Black Friday in Britain: where it all went wrong

This year has been challenging for retailers, to put it mildly. According to the British Retail Consortium, sales were down 1.3% year on year in September, the most recent month available, and the worst since the consortium's ...

Abandoned shopping carts: the trillion dollar challenge

With so much competition in the market, ecommerce sites consistently face one huge problem—abandoned shopping baskets. It is believed that around $4.6 trillion worth of merchandise has been left unpurchased in online shopping ...

Happy workers are 13% more productive

Research by Oxford University's Saïd Business School, in collaboration with British multinational telecoms firm BT, has found a conclusive link between happiness and productivity.

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Customs

Customs is an authority or agency in a country responsible for collecting and safeguarding customs duties and for controlling the flow of goods including animals, transports, personal effects and hazardous items in and out of a country. Depending on local legislation and regulations, the import or export of some goods may be restricted or forbidden, and the customs agency enforces these rules. The customs authority may be different from the immigration authority, which monitors persons who leave or enter the country, checking for appropriate documentation, apprehending people wanted by international arrest warrants, and impeding the entry of others deemed dangerous to the country. In most countries customs are attained through government agreements and international laws.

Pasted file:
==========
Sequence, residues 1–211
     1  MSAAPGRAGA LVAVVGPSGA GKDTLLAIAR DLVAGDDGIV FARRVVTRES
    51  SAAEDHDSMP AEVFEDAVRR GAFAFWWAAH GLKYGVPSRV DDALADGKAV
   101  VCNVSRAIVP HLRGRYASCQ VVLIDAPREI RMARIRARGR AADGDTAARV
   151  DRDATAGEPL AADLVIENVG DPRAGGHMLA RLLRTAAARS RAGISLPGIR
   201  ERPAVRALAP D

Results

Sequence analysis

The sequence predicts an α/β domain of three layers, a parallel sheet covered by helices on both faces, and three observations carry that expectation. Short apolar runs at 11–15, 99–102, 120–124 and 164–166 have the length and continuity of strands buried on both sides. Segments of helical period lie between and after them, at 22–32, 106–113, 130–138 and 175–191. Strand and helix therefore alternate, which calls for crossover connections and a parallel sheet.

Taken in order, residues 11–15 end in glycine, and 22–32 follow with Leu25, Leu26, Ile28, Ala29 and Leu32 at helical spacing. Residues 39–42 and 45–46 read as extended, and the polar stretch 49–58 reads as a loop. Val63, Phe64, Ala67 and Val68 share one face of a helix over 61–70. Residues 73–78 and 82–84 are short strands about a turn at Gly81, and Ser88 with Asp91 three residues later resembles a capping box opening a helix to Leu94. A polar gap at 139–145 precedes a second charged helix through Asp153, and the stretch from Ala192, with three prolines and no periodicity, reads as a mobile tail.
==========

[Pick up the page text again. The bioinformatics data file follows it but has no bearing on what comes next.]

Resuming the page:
A customs duty is a tariff or tax on the importation (usually) or exportation (unusually) of goods. In the Kingdom of England, customs duties were typically part of the customary revenue of the king, and therefore did not need parliamentary consent to be levied, unlike excise duty, land tax, or other forms of taxes.

Commercial goods not yet cleared through customs are held in a customs area, often called a bonded store, until processed. All authorised ports are recognised customs area.

This text uses material from Wikipedia, licensed under CC BY-SA